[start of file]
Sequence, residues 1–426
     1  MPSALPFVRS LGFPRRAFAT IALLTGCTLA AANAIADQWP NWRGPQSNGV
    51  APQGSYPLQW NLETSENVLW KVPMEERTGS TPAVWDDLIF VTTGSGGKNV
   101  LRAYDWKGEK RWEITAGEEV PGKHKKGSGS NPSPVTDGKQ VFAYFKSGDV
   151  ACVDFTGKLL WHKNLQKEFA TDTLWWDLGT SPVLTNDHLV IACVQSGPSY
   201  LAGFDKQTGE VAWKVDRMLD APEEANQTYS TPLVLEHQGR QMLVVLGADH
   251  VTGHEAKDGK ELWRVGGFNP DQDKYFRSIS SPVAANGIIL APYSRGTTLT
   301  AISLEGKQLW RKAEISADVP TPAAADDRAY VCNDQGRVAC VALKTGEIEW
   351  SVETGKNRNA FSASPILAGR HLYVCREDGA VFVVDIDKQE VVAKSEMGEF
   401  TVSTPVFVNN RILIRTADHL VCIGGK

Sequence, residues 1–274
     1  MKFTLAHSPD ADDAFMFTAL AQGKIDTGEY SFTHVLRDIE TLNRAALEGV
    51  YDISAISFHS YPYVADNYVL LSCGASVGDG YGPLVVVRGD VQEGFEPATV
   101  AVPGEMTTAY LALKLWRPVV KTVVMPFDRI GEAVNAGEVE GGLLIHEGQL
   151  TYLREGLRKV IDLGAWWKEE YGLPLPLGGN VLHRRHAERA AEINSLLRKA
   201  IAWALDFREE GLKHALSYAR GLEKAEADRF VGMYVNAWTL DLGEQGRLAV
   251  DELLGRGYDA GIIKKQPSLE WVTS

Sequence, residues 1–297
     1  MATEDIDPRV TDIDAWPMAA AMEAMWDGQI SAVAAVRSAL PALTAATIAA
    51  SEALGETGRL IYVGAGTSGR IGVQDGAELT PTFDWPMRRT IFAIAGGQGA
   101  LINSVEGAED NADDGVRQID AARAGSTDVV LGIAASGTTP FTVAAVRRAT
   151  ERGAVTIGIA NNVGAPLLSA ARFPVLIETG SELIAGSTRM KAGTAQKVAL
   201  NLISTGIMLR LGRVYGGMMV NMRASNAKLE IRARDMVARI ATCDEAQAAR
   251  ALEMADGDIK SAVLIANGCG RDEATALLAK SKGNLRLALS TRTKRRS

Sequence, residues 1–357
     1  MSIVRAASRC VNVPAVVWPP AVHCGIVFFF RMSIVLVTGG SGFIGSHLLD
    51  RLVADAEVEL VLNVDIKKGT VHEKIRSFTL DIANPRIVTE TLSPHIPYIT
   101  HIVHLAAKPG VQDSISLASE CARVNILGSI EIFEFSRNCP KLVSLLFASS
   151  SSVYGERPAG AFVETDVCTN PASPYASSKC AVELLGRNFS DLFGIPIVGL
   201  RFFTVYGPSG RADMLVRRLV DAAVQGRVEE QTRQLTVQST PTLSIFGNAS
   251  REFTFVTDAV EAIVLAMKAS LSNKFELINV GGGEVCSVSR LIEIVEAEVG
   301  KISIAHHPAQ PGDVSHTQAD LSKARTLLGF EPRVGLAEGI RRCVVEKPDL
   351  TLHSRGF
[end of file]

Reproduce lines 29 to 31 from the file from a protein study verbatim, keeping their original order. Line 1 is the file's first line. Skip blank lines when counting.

   151  SSVYGERPAG AFVETDVCTN PASPYASSKC AVELLGRNFS DLFGIPIVGL
   201  RFFTVYGPSG RADMLVRRLV DAAVQGRVEE QTRQLTVQST PTLSIFGNAS
   251  REFTFVTDAV EAIVLAMKAS LSNKFELINV GGGEVCSVSR LIEIVEAEVG